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| Theater |

Meet Yolo Solo's 13-Year-Old Performer Kennedy Waterman

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It's been a good year for Kennedy Waterman. She earned a DFW Theater Critics Forum Award for her performance in a re-imagining of Glengarry Glen Ross, she's premiering her first solo performance piece this week and she's about halfway through seventh grade.

Her short play Allergic Me, directed by Dallas Observer Mastermind Jeff Swearingen, premieres as part of Audacity Theatre Lab's YOLO Solo Festival. Curated by Observer critic Elaine Liner, this brand new festival is happening at the Margo Jones Theatre in Fair Park through January 26 and presents eight short plays from local artists, all on the theme "You only live once."

In between rehearsals, writing and homework, Waterman squeezed us in for a quick interview where we talked about lunch lines, Ellen, and the way she's used a very serious peanut allergy as inspiration for a play.

So, how old are you exactly? I turned 13 in December.

What got you into theater in the first place? Well, when I was younger, like 5 or 6, my mom found me on the computer emailing a talent agency. I wanted to act. I told her they needed a shot of my head. That summer she signed me up for a theater camp, and I have been doing it ever since.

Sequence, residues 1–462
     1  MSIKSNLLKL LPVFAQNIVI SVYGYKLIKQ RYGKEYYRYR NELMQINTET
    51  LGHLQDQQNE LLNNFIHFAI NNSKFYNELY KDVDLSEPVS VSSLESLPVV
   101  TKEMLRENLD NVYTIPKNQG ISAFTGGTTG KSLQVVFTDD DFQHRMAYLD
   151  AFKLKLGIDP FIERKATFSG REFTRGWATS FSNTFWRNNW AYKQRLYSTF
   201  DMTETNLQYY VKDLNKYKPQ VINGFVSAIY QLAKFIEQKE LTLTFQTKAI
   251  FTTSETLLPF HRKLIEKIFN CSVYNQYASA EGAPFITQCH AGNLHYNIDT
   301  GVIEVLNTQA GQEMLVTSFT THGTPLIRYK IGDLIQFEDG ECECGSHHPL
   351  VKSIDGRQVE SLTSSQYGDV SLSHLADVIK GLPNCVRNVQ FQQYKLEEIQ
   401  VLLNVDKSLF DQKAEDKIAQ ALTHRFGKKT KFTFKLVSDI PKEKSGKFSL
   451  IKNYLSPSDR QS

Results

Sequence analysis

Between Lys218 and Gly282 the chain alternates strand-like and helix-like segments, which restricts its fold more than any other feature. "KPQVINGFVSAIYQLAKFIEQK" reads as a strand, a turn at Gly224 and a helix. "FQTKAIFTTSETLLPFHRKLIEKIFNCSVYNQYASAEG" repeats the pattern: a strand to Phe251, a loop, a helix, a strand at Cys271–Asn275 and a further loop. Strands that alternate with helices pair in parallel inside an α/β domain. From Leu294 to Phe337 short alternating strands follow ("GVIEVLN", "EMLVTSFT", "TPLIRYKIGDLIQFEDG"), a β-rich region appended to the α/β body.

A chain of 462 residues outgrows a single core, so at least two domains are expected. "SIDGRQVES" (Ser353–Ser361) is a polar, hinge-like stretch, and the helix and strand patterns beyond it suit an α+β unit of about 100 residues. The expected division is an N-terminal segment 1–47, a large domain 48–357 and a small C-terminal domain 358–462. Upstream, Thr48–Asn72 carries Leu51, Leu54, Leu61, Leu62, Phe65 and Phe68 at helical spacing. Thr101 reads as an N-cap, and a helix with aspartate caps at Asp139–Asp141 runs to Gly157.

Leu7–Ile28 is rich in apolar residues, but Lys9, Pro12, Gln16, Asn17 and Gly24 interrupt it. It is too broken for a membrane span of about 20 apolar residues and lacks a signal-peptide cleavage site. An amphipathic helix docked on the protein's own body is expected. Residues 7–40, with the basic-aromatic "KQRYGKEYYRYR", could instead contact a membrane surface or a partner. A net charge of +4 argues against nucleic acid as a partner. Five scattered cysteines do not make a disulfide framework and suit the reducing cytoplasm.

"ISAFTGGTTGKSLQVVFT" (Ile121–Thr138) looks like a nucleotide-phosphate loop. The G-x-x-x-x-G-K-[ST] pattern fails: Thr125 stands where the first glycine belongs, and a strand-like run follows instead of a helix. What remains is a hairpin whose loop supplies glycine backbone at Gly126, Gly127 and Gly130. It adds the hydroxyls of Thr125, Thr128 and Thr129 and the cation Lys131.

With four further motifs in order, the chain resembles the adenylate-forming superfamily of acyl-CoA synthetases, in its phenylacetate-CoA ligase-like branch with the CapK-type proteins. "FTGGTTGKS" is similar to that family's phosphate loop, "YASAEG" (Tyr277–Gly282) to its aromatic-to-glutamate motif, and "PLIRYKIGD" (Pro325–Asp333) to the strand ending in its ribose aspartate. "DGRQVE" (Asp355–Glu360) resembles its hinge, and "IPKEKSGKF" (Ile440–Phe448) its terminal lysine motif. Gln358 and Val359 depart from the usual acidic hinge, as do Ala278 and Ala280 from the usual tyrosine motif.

Do you see yourself pursuing this through college and beyond? I would love to pursue theater and film in the future. I have a goal to write, direct and act in my own film.

When the Critics Forum was discussing your award, somebody called you a child Meryl Streep. Do you have a celebrity you identify with? Ellen Degeneres really inspires me. I think we both have the same sense of humor and I'm working on having her comedic timing. When I have the time, I memorize different portions of her stand-up routine and perform them for anyone who will watch.

Where were you when you heard you won the Critics Forum award? I was in lunch when my math teacher found me in the cafeteria and called me over. Apparently, my mom had called and told her to show me the article. It was pretty exciting. I remember getting back in the lunch line and buying a cookie for myself to celebrate. Later, in homeroom, the principal even announced it over the loudspeaker! My friends thought it was neat, but I don't know if they really understood.

Have you ever written or performed a solo show before? I have not ... but hope this is not my last.

Tell me a little bit about Allergic Me. Allergic Me is a story about hardships and hope ... and my allergy to peanuts. It talks about scary times and funny times and the cold, hard facts about the way the allergy affects me. It conveys hope -- for me and for others.

I want the audience to understand that sometimes you have to fight, even when it's the harder choice. Not just for yourself but for those who can't. Peanuts are small, but important. They make me who I am.

Will you get a chance to see the other shows in the festival? I will be staying to see some of them. I'm really interested in seeing the different writing styles and I can't wait to meet the other actors.

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